6. Curiously enough, however, the Local Government in filing this appeal has duplicated the very same mistake. The appeal comes before us on a general plea, that the order of, acquittal is against the weight of evidence on the record. We have refused to entertain the appeal on that ground, which obviously is not an arguable one; but we have permitted the learned Government Advocate, who is himself not responsible for the drafting of the Government's memorandum of appeal, to amend the same by adding a further plea. This is to the effect that, in view of a Government order of the 13th of July, 1910, the Sub-Inspector, being a police officer invested with certain powers under the authority exercisable by the Local Government by virtue of Section 10 of the Excise Act, was by definition an 'Excise Officer,' and, therefore, a person competent to make a complaint or report to a Magistrate under Section 71(a) already referred to. The appeal has been argued on this basis, and counsel has been engaged to represent the accused Chitar Singh, who has also appeared in person.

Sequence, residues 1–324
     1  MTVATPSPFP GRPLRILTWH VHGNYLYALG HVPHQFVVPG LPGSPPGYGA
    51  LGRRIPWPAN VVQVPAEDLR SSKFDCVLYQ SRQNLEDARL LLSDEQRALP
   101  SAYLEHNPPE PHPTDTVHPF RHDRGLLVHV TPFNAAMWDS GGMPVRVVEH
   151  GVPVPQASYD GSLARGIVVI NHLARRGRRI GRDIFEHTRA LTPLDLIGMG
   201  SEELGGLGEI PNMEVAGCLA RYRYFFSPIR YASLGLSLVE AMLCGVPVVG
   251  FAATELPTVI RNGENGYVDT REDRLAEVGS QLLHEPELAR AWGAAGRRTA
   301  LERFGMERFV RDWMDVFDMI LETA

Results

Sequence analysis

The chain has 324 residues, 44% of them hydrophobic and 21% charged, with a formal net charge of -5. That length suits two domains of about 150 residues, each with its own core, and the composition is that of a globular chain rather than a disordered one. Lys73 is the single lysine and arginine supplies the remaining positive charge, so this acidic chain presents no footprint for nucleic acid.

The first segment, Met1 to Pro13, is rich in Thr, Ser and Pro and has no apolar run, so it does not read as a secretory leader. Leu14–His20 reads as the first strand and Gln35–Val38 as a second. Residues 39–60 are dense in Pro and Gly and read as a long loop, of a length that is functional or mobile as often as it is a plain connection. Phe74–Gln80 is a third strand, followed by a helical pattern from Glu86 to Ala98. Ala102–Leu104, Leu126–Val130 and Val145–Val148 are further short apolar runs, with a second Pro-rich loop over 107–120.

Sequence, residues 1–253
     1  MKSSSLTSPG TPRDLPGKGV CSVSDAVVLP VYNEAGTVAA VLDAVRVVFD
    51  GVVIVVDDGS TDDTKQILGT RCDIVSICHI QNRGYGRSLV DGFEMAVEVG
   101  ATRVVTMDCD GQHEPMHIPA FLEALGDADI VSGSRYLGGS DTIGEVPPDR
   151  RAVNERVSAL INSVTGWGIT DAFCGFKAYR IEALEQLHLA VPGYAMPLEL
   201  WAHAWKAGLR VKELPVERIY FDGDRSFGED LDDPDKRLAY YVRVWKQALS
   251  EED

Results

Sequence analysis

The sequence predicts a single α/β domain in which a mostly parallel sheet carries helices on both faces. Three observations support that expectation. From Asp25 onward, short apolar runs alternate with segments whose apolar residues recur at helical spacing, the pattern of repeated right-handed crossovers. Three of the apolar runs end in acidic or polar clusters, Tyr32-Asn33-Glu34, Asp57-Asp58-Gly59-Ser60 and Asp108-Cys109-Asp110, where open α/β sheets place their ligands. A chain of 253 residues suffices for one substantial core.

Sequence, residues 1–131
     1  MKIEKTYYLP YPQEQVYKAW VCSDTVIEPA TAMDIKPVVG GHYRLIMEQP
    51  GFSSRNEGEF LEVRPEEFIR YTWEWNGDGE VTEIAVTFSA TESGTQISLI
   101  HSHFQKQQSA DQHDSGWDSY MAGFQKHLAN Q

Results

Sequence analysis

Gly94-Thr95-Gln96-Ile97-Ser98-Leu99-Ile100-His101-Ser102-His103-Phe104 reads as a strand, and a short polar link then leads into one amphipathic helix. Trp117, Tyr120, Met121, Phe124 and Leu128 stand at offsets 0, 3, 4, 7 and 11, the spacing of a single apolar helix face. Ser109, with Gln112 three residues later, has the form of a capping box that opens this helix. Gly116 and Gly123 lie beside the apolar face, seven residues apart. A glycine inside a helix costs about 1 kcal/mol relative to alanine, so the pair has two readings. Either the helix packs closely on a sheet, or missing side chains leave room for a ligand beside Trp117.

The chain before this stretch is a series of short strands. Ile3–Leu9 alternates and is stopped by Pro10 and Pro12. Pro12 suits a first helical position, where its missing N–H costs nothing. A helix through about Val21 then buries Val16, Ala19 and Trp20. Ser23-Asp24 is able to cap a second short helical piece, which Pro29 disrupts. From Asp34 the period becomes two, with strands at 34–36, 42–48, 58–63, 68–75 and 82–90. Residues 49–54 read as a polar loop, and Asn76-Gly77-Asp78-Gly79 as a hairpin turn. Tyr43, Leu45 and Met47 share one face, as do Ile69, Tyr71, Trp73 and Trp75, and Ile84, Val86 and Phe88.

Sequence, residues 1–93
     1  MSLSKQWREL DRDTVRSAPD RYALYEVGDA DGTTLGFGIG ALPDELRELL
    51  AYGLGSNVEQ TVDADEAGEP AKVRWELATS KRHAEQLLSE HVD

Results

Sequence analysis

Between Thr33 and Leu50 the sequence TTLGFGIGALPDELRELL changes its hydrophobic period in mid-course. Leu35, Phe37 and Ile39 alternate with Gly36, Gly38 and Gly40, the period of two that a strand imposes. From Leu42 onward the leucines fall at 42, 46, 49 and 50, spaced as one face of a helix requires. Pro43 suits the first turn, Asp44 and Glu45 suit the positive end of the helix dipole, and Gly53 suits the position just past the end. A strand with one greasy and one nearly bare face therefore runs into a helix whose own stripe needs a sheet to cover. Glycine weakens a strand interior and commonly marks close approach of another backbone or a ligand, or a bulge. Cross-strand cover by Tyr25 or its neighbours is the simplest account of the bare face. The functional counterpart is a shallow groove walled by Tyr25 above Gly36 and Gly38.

7. There can be no doubt that under Section 10 of the Excise Act the Local Government had authority to empower, not only a Sub-Inspector of police, but any police officer, to perform duties and exercise powers under that Act, including the conferment of authority to make a report or complaint. Now the Local Government has in express terms authorized any police officer to arrest and to make searches in connection with a number of offences, including the offence of being in illicit possession of intoxicating liquor of which Chitar Singh has been convicted. It would certainly be anomalous if the Sub-Inspector had authority to arrest Chitar Singh and to search his shop, and was moreover required by law to produce Chitar Singh before a competent Magistrate within 24 hours of his arrest, but could not by reporting the facts to the Magistrate give that Magistrate authority to take cognizance of the alleged offence. We think that this anomaly has been avoided by the very wide definition of the words 'Excise Officer' contained in Clause (2) of Section 3 of the Excise Act. According to that definition, an 'Excise Officer' means not merely a Collector, or other officer appointed as such, but also an officer or person, invested with powers under the Act by a Government order lawfully issued under the provisions of Section 10. The Sub-Inspector as a police officer has been invested with powers under that section. This is sufficient to constitute him an Excise Officer within the meaning of the definition, wherever the words 'Excise Officer' occur in the Act. It was, therefore, unnecessary, and would have complicated matters, for the Local Government, to issue a further notification authorizing persons on whom it had already conferred powers for the purposes of the Act to do something which the Act says any 'Excise Officer' may do. The learned Sessions Judge, therefore, was mistaken in the ground on which he has acquitted Chitar Singh We set aside his order of acquittal, and in lieu thereof we restore the conviction recorded by the trying Magistrate. We have given careful attention to the question of sentence. In view of all the circumstances and of the amount and strength of the liquor seized, we do not think the trying Magistrate was in error in imposing the sentence of three months' rigorous imprisonment. We restore that sentence with effect from the date on which it was passed, that is to say, any period of imprisonment already served by Chitar Singh since the date of his original conviction will be reckoned towards the period of imprisonment which he has been ordered to serve. The accused will be taken into custody and arrangements made for conveying him to the Bulandshahr district to serve out his sentence.